NFL should pony up for real referees

Getty Images File PhotoWhat’s going on here? The NFL needs to end the referee lockout as the gap between the replacement refs and the real thing becomes more apparent with each week.

Getty Images File PhotoWhat’s going on here? The NFL needs to end the referee lockout as the gap between the replacement refs and the real thing becomes more apparent with each week.

We all agree that the integrity of the NFL is being compromised by this referee lockout, right?

We’ve seen a fourth timeout awarded to the Seattle Seahawks, a six-minute delay made only to determine that a call was not reviewable, and a block in the back penalty against the 49ers while they were punting to the Green Bay Packers.

And those are just the Week 1 highlights.

The situation was less humorous last week once players realized how much dirty play they could get away with. We saw late hits, shoves after whistles and a near-brawl on “Monday Night Football.”

The revelation that a New Orleans Saints fan was assigned to officiate a Saints game and Philadelphia Eagles running back LeSean McCoy’s claim that a referee told him “I need you for my fantasy” team are only exclamation points to the absurdity.

The thing that makes this lockout so ridiculous is that we’re arguing about less than 1 percent of a $9 billion pie.

The major hang-up is that the NFL Referees Association wants to retain their traditional pension programs while the NFL is seeking to replace them with 401(k)-style retirement plans. The NFL’s argument: many full-time league employees don’t receive traditional pensions, so why should 121 part-time officials get them?

Here’s what commissioner Roger Goodell told the Huffington Post last week: “About 10 percent of the country has [a defined pension program]. Yours truly doesn’t have that. It’s something that doesn’t really exist anymore and that I think is going away steadily.”

Hey, Roger, can I give you one reason why these refs should retain their pension plans? You can afford it.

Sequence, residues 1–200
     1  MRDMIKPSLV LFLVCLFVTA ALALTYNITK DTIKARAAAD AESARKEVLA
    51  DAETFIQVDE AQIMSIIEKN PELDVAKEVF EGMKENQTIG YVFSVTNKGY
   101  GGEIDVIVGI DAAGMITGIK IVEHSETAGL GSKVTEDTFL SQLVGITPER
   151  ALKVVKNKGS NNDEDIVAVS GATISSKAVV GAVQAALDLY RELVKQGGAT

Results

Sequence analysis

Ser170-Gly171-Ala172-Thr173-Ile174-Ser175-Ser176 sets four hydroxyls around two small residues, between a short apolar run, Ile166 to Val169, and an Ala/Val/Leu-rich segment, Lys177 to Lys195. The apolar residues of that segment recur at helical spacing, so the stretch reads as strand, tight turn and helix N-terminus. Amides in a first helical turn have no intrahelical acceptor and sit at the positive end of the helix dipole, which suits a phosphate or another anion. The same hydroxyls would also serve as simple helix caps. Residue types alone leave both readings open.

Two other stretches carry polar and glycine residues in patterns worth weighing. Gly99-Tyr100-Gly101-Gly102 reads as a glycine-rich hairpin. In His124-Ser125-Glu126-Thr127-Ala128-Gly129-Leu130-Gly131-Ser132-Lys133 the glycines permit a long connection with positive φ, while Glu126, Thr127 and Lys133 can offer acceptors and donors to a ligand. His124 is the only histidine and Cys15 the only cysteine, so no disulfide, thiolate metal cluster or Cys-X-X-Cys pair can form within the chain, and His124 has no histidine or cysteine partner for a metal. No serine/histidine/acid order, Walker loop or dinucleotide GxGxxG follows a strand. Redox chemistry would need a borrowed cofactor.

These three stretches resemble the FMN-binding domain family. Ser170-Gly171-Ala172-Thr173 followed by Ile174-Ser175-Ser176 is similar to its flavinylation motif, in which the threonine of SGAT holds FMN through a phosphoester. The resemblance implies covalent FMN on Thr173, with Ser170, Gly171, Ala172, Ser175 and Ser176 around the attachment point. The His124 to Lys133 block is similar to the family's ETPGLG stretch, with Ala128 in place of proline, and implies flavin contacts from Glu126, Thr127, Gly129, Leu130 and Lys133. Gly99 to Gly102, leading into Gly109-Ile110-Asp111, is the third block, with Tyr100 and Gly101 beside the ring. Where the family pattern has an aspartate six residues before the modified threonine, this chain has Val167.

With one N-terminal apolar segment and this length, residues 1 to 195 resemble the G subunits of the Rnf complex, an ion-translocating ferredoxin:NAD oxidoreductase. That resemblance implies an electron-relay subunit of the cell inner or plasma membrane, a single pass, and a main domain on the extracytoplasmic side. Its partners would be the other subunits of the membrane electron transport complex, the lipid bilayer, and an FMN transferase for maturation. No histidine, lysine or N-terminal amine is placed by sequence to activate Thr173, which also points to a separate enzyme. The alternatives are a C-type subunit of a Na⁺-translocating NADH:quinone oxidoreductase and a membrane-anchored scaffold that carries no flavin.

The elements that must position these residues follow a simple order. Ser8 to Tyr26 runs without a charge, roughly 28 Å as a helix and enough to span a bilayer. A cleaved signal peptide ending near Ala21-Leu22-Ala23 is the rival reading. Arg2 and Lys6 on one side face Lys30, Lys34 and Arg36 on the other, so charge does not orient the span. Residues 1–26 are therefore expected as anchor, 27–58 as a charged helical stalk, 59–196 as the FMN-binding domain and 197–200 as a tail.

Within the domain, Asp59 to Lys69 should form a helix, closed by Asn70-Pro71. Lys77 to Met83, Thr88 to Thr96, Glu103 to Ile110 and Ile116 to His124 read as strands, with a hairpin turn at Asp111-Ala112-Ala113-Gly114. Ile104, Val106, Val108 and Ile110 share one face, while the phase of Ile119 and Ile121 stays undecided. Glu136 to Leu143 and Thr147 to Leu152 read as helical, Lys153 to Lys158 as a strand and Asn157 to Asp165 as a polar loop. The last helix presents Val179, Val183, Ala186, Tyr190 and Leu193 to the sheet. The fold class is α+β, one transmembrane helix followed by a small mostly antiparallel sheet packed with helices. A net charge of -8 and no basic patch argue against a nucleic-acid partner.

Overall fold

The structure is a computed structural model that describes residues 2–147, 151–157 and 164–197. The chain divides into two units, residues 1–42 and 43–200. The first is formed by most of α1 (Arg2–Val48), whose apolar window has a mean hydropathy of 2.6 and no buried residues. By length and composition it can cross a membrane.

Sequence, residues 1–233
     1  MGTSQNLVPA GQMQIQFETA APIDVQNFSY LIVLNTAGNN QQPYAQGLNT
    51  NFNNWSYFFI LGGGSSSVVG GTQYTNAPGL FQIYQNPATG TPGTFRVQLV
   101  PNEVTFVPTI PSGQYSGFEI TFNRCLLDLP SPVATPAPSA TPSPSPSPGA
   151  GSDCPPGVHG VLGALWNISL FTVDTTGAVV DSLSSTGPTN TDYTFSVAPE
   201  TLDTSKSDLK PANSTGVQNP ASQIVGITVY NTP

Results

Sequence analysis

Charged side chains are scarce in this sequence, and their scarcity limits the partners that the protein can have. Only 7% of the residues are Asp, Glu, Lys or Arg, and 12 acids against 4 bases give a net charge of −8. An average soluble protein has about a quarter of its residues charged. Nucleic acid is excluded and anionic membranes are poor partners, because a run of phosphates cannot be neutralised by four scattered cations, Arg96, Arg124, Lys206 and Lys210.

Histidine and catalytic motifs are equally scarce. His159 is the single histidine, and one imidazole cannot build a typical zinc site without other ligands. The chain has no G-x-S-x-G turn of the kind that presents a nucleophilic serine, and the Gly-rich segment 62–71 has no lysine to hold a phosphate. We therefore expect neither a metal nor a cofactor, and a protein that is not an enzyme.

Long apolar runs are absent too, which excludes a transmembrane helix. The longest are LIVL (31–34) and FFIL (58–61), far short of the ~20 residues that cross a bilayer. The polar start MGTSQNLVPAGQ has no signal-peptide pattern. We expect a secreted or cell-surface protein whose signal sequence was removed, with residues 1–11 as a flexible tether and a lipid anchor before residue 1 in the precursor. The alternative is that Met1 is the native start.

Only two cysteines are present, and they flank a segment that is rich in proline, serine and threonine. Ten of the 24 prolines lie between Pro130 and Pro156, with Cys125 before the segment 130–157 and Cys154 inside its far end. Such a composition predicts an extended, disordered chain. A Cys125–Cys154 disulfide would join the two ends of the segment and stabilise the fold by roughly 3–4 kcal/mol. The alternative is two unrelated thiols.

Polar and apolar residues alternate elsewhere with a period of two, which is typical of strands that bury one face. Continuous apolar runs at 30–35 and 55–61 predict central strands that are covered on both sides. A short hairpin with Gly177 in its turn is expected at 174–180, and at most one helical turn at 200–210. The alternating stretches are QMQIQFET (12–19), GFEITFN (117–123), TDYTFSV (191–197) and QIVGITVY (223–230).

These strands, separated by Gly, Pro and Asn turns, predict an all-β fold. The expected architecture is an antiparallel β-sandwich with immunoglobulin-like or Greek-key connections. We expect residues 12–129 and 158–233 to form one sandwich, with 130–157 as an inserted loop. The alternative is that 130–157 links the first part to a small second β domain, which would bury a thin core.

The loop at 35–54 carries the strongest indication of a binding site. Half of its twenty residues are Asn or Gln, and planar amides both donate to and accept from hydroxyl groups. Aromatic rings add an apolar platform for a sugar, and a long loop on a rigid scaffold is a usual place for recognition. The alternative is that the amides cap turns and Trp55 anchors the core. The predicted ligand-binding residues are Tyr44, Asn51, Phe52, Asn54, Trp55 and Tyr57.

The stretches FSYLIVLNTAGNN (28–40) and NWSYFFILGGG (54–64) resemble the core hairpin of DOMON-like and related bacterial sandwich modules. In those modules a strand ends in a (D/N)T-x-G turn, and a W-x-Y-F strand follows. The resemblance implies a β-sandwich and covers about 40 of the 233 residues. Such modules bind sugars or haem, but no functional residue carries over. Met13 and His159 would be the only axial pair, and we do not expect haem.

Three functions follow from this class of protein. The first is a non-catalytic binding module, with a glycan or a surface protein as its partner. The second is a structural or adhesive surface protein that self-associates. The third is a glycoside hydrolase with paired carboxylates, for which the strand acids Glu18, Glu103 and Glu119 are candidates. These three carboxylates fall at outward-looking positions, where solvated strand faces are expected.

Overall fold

There are few jobs in this country that are more thankless than the NFL referee position. These guys need to be up to speed on thousands of scenarios, they take five-hour tests every week and the only time their work receives attention is when they screw up.

NFL refs are part-time employees, but the pressure they work under is extraordinary. When was the last time you got booed by 60,000 people at work? Had a beer bottle thrown at your head? Received a death threat?

Last season, the average salary of an NFL official was $149,000 and that doesn’t seem out of line with the contributions they're making to a $9 billion product.  

Right now, the two sides are no more than $4 million apart annually, a drop in the bucket that amounts to $125,000 per club. Why wouldn’t the NFL provide integral employees and their families with a better standard of living when it’s well within their cost structure?

This seems to be about political ideology and breaking the union.

There's a strong anti-union movement in the country right now, which is contributing to the shift from pension to 401(k) plans.

The NFL isn’t the auto industry. It's survival doesn't require restructured employee benefits. The league’s pie is growing rapidly – revenues were $3.94 billion in 2000 and some are projecting them to reach $18 billion by 2016 – it should be giving more benefits to more employees, not less to less employees.

But former 49ers quarterback Steve Young is right: this staring contest could go on indefinitely because the NFL has inelastic demand. It doesn’t matter who’s refereeing the games or how outrageous the officiating is, we’re going to tune in and that’s where the league gets its leverage.

Paul Gackle is a freelance writer and regular contributor to The San Francisco Examiner. He can be reached at paul.gackle@gmail.com and followed on Twitter @PGackle.

LocalNFL Referees AssociationPaul Gackle

If you find our journalism valuable and relevant, please consider joining our Examiner membership program.
Find out more at www.sfexaminer.com/join/

Just Posted

Private vehicles were banned from much of Market Street in January 2020, causing bike ridership on the street to increase by 25 percent and transit efficiency by as much as 12 percent. (Kevin N. Hume/S.F. Examiner)
SFMTA board approves new Better Market Street legislation

Advocates say traffic safety improvements don’t go far enough to make up for lost bikeway

San Francisco City Hall is lit in gold and amber to remember victims as part of a national Memorial to Lives Lost to COVID-19 on Tuesday, Jan. 19, 2021. (Kevin N. Hume/S.F. Examiner)
San Francisco joins national COVID memorial ceremony

San Francisco took part Tuesday in the first national Memorial to Lives… Continue reading

The S.F. Police Department has canceled discretionary days off and will have extra officers on duty for Inauguration Day, chief Bill Scott said Tuesday. <ins>(Kevin N. Hume/S.F. Examiner)</ins>
SF ‘prepared for anything’ ahead of inauguration, but no protests expected

Authorities boosting police staffing, security at City Hall

Zero Grocery is among the Bay Area organizations delivering groceries in plastic-free packaging. (Screenshot)
Bye Trump, hello hope: SF can show US what’s possible

City’s climate efforts will shine under new administration

Dr. Grant Colfax, director of the San Francisco Department of Public Health, said Tuesday that The City received only a fraction of the COVID vaccine doses it requested this week. <ins>(Kevin N. Hume/S.F. Examiner)</ins>
Unpredictable supplies leave SF running low on COVID vaccine

Reported reactions to Moderna shots prompt hold on 8,000 doses

Most Read